Alongside specific company perks, we also recognise that the environment we work in has a real impact on our mental health. 56% of all respondents said that being able to work from home or have the option of a flexible working pattern would most positively affect their mental health, particularly when compared to other options such as; open plan office space, divided cubicles and hot-desking. It is important to understand that your employees are all unique individuals with different personality types, and therefore, giving them varying options of working environments could have a positive effect on their mental health.

With 83% of respondents stating the technology and software their business provides makes their jobs easier to carry out, providing employees with the necessary equipment, for example a work laptop, remote access software and permission to work at home flexibly, could be a key driver in alleviating work pressures, as long as this does not impact their role responsibilities, output or quality of work.

With technology being prevalent within most industries, particularly within recruitment, it can be difficult for employees to truly switch off. This can be a contributory factor of stress that goes beyond the workplace. It is important for companies to set the precedence that a good work-life balance is necessary for employees to be the most efficient within their role. Particularly for consultants who work in markets outside of the UK, and where a large time difference comes into play, it is key for employees to strike the right balance between fitting around their clients’ needs and switching off. Encouraging your employees to organise their day around their international clients, so it doesn’t have a negative impact on their mental health and the quality time spent with their family would be beneficial for all.

How companies are starting to support their employees

Despite year on year growth, the UK recruitment industry has a staff turnover rate of 31%, more than double the national average across all industries (Xpert HR). A high employee turnover rate can have a negative impact on business performance, overall perception, productivity and morale. It is key for business leaders to really investigate why their businesses are losing talent, and if there are any aspects of an employee’s mental wellbeing that has an impact on this, and what can be done to alleviate any stress or mental suffering.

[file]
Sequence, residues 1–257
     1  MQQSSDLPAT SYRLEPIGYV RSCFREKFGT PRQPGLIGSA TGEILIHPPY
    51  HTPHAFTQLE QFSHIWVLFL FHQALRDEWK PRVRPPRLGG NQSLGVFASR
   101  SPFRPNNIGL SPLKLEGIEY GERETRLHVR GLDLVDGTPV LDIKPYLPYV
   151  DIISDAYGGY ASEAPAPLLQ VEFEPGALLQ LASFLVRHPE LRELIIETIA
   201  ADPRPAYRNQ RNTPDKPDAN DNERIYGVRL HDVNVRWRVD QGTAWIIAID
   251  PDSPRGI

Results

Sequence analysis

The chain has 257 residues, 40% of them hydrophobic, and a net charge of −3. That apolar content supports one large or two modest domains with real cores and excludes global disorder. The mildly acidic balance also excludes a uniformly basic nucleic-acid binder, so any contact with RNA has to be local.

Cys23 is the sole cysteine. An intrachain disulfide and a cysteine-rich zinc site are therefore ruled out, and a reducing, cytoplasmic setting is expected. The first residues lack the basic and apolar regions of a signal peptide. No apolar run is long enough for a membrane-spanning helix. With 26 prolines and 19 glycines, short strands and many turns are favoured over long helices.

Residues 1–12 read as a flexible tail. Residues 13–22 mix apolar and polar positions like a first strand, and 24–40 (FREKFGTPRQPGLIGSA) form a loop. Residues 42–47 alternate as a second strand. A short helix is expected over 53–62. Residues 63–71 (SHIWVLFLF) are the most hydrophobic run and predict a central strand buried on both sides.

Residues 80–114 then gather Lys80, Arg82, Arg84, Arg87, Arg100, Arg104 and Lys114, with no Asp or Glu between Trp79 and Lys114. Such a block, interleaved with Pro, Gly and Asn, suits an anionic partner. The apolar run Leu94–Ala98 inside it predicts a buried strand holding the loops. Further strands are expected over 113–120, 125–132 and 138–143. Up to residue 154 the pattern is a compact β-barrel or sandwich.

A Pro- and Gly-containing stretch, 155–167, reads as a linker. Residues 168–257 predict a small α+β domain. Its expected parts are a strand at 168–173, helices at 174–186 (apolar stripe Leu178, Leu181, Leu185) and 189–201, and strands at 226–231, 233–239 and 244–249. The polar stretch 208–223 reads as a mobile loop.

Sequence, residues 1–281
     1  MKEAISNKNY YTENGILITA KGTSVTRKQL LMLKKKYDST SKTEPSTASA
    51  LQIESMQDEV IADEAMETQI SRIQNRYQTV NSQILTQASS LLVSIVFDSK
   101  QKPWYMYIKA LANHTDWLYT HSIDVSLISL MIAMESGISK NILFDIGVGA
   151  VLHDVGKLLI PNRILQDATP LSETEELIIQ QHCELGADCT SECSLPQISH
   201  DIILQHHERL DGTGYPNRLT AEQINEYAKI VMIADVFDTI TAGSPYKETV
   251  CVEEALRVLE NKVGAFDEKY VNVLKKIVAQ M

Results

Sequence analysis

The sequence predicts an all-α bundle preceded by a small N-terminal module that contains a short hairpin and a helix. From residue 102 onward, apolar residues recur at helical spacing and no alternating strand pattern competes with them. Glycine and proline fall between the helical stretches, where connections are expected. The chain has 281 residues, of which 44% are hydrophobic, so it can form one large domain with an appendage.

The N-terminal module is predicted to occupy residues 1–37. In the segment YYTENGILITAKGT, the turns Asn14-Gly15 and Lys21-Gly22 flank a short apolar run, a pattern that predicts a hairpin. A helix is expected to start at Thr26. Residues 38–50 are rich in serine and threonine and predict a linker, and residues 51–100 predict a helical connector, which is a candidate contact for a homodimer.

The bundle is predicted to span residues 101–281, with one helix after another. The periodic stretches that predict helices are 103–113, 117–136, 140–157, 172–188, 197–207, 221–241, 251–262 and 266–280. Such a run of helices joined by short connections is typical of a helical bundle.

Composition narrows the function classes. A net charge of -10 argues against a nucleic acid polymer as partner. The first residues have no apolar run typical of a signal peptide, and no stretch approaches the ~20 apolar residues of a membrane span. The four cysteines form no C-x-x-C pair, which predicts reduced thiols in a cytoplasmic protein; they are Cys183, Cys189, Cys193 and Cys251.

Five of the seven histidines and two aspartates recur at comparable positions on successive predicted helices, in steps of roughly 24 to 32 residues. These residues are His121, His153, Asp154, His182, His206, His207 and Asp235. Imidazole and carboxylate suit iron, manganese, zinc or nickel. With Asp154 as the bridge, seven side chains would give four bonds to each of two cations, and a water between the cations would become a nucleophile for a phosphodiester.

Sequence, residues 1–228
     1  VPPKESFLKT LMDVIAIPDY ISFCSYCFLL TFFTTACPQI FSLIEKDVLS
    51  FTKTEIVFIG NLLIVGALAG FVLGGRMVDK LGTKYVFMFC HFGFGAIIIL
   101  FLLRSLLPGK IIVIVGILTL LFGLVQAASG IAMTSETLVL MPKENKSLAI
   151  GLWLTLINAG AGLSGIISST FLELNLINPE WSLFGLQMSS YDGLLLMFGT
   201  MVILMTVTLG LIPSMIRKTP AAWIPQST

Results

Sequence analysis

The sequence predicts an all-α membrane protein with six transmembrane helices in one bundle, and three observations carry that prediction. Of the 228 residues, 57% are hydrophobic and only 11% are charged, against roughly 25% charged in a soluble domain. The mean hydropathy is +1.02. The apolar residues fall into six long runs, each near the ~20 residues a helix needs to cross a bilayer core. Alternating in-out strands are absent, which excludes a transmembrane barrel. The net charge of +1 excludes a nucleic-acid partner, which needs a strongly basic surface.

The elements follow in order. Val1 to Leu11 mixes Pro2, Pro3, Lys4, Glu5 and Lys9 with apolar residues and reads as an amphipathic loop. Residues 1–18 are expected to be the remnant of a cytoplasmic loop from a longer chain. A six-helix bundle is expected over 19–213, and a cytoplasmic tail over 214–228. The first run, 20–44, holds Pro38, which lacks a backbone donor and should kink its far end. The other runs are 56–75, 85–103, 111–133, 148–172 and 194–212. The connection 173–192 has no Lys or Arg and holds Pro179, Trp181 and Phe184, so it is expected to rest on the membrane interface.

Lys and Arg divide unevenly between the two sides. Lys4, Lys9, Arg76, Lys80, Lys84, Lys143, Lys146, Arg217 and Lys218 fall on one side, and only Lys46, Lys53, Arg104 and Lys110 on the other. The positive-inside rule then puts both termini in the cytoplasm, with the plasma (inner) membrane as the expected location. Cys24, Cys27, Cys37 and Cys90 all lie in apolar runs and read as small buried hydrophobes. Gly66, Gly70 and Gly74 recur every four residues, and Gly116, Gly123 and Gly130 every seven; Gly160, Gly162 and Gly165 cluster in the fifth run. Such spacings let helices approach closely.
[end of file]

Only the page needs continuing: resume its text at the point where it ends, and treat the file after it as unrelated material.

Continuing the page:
While it is clear that the recruitment industry in the UK could do more to address this issue, it is encouraging to see so many companies already starting to make changes within employee mental health and the topic be an incremental aspect of their corporate agenda.

Companies are incorporating exercise classes such as yoga into their employee’s lunches in order to relieve any stress they may feel – some companies are even building gyms into their offices to make physical activity much more accessible and affordable. Another change we are seeing are the use of interchangeable ‘stand-sit’ desks which can increase a person’s productivity through being able to move their body and not be confined to a sitting position for long periods of time.

Additionally, the importance of a well-balanced diet has been taken more seriously, therefore companies throughout the UK have taken the initiative to offer their employees free fresh fruit and subsidised onsite kitchens. Ensuring that healthy alternatives are available for all employees.

Finally, as well as incorporating physical activity and a good diet into their employee’s daily activity, some recruitment companies have provided their managers with training to spot the signs of mental health and be mindful of the wellbeing of those around them, so the necessary support can be offered if needed.